House Speaker Brian Bosma presents the bill to the full House that makes the state superintendent an appointed position in 2021. The bill passed out of the legislature and now goes to the governor. (photo credit: Brandon Smith/Indiana Public Broadcasting)
The House advanced a bill to the governor Tuesday to make the Superintendent of Public Instruction an appointed, rather than elected, position.
The original House version of the bill made the state schools superintendent an appointed position beginning in 2021.
But the Senate had defeated its identical version of the bill earlier in session. So that chamber had to make changes in order to comply with its rules about hearing a matter it already voted down. Those changes include pushing the date back to 2025 and adding qualifications, including an background in education and a two-year residency requirement.
House Speaker Brian Bosma (R-Indianapolis) reluctantly went along with those changes. He says he’d prefer no such restrictions.
The bill looking to expand state funded pre-k also allocates $1 million for in-home digital preschool learning. (photo credit: Sonia Hooda/flickr)
One of the biggest education bills this session seeks to expand the current pre-K pilot program, but the current version of the bill includes funding a new, home school preschool option.
One part of the bill allocates $1 million per year for digital preschool services for families to use at home.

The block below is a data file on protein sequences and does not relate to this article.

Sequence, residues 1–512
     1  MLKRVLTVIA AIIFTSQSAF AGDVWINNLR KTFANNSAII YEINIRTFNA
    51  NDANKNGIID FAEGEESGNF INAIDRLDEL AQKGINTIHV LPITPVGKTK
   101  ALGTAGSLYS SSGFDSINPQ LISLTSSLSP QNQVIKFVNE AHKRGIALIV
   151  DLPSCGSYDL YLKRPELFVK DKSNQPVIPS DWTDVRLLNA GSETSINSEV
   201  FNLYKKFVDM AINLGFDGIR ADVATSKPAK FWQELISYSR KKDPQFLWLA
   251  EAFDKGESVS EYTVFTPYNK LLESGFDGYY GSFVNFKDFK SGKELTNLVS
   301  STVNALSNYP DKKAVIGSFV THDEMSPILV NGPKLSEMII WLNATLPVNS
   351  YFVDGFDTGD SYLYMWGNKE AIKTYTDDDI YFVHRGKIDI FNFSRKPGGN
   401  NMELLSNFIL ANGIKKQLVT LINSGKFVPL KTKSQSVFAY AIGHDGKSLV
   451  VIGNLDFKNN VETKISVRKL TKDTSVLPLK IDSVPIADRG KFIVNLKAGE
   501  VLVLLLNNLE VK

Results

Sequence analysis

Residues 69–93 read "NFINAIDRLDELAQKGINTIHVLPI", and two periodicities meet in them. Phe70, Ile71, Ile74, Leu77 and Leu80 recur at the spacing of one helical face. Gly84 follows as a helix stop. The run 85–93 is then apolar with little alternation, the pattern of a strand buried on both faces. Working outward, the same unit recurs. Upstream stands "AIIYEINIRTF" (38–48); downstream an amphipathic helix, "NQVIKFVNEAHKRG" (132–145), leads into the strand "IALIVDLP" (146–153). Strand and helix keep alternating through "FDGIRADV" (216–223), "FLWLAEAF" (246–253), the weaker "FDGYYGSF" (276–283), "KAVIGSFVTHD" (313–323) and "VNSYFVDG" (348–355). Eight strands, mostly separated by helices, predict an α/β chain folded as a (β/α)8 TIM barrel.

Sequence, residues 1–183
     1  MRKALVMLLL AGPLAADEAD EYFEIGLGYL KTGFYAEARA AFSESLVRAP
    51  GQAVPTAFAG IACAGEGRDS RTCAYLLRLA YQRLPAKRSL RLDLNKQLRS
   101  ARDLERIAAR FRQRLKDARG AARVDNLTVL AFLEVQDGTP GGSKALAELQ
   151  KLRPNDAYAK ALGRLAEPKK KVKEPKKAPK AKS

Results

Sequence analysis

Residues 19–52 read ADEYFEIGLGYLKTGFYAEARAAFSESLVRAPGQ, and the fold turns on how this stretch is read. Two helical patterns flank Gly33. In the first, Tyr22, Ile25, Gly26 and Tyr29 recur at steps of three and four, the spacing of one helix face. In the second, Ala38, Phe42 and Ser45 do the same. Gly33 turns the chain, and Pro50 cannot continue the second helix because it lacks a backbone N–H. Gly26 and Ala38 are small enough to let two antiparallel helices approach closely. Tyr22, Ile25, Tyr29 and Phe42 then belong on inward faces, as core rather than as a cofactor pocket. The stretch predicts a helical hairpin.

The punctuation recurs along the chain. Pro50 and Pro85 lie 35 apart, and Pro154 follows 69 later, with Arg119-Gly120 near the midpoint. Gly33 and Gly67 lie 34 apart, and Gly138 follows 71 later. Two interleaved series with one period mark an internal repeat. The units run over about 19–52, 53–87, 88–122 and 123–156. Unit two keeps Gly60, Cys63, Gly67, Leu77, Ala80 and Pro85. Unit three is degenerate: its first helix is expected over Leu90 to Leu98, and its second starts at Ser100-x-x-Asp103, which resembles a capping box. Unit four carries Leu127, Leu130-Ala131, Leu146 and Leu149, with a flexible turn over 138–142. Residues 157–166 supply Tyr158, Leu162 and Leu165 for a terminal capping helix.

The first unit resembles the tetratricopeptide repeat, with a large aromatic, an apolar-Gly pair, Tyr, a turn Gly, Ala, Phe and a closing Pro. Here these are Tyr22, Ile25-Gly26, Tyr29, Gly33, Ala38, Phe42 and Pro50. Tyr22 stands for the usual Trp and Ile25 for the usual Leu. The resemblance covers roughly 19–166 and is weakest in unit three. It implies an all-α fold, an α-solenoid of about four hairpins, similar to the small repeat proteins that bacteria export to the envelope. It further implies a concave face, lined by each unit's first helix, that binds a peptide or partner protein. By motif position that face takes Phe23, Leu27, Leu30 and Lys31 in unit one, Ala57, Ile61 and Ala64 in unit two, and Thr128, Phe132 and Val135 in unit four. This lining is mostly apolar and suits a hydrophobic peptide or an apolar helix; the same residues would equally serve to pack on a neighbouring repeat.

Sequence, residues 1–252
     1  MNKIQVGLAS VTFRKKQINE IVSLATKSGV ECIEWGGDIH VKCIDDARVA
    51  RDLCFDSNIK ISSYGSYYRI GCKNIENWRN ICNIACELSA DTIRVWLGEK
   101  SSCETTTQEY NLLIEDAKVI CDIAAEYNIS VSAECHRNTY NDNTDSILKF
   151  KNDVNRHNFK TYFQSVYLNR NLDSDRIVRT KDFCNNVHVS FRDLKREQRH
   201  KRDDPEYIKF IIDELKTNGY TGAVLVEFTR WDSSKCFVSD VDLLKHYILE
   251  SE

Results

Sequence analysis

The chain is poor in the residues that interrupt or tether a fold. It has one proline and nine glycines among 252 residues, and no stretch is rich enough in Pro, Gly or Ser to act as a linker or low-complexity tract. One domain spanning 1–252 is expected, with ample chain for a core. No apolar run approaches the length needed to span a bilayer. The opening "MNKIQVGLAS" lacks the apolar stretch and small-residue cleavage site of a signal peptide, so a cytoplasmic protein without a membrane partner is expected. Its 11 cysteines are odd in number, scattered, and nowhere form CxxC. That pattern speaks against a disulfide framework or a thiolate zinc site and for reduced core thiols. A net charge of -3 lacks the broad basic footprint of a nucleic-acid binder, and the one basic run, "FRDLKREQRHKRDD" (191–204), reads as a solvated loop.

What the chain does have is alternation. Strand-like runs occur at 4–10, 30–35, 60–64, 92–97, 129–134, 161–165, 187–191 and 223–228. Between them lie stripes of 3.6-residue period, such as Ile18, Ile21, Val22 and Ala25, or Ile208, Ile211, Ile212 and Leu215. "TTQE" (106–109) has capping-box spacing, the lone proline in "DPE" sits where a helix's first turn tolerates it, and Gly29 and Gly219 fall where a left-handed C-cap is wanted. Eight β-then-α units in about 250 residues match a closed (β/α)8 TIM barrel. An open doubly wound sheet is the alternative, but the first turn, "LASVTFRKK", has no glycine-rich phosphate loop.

Lawmakers have indicated if this part of the bill remains in tact, the state will use an online program called Upstart to provide families with digital, in-home preschool.
FAFSA reminder from the U.S. Department of Education. (Department of Education)
This Saturday is the deadline for Indiana students to fill out their application for college financial aid, including the federal Pell Grant.
To receive financial aid for college, students must complete the FAFSA — that’s the Free Application for Federal Student Aid.
“Every prospective college student—whether they’re a high school senior or a returning adult—should complete the FAFSA,” Indiana Commissioner for Higher Education Teresa Lubbers said.
Students in Indiana’s 21st Century Scholars program will lose their scholarship if they don’t submit it on-time.
The Indiana Statehouse. (Brandon Smith/Indiana Public Broadcasting)” credit=”
Bipartisan legislation that seeks to protect religious freedom for students has been sent to Gov. Eric Holcomb.
The bill by Indianapolis Democratic Rep. John Bartlett says traditional public and charter schools can not discriminate against students or parents because of their religious beliefs. It also asserts students’ right to wear religious clothing and express their beliefs in class writings.
Senate President Pro Tem David Long (R-Fort Wayne) says any changes to the superintendent bill will mean its defeat in the Senate. (Brandon Smith/IPB News)” credit=”
Legislation making the state schools superintendent an appointed position is in limbo as the House weighs its options.
The Senate earlier this session defeated a bill to make the Superintendent of Public Instruction an appointed, rather than elected position beginning in 2021. The House approved its own, identical version.
Students at Tindley Genesis Academy in Indianapolis participate in the morning meeting, which blends songs, chants and dancing. Music is at the center of all curriculum at the school. (photo credit: Steve Burns/WTIU)